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Sales of Non-Foreclosed and Repossessed Homes in Texas Fell in 2010

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By : John Cutts    99 or more times read
Sales of residential properties, including repossessed homes, dropped in most areas of Texas in 2010 compared with 2009 levels. According to the Texas Association of Realtors, the decline in sales showed that the region is not insulated from the national economic downturn that affected most of the U.S. housing markets in 2010.

The number of houses, including Corpus Christi bank owned properties, that were sold in the whole state last year totaled 202,916, representing a 5% decline when compared with 2009 figures. The good news is that the median price of housing units sold last year improved by 1% when compared with 2009 median prices. Median rate for houses sold in 2010 was pegged at $147,600.

According to realtors, although the increase is only one percent, it shows that the region is doing much better than other U.S. markets despite the oversupply of bank owned homes in Texas. They stated that even a flat year-over-year median price would have been positive, given the condition of the country's residential real estate industry.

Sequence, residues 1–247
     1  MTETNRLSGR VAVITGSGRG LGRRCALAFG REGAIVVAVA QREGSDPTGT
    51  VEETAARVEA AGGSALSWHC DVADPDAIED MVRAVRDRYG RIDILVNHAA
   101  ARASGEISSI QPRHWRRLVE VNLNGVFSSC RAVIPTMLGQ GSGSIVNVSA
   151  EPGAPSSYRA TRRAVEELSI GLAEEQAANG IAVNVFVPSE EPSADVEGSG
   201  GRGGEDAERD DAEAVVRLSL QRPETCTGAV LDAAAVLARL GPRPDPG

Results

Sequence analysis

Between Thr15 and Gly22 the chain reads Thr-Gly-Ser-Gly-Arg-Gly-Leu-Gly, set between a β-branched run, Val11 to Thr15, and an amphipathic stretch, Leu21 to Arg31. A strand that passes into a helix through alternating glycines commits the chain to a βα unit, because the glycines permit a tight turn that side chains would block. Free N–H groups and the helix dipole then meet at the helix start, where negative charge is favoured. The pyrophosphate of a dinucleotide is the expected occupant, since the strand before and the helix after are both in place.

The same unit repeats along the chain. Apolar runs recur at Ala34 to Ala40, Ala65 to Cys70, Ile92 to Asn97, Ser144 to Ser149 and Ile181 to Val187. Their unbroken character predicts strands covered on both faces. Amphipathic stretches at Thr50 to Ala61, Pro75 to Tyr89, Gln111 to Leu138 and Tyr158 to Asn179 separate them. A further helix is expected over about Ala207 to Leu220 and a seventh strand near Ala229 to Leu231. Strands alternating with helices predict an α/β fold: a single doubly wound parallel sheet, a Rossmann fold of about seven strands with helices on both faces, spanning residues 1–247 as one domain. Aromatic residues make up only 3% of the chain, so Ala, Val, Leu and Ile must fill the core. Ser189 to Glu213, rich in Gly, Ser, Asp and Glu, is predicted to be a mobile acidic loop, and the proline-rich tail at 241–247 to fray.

For October-December 2010, the same trend was evident, with sales of non-foreclosed and repossessed homes declining from year-ago levels and prices rising over the same period. A total of 43,605 residential properties were sold in the state during October-December 2010, 18.9% lower than the sales total recorded in the 2009 fourth quarter. However, median price jumped by 3% for the quarter over the same 2009 period to a rate of $147,400.

Texas realtors stated that the big difference between sales in the fourth quarter of last year and the last quarter of 2009 is not as worrying as it appears. They stated that figures for the 2009 fourth quarter were inflated by the tax credit initiative of the federal government, which resulted in more bank owned real estate homes getting purchased by buyers. The tax credit was extended until the first six months of 2010, causing the gap between the comparable quarters to widen, realtors have added.

As of the 2010 fourth quarter, Texas is sitting on an inventory of unsold non-foreclosed and repossessed homes equivalent to 7.6 months of supplies. Despite the figure, realtors stated that the region is still in a much better position than other U.S. areas.
John Cutts has been educated in the finer points of the foreclosure market over 5 years.

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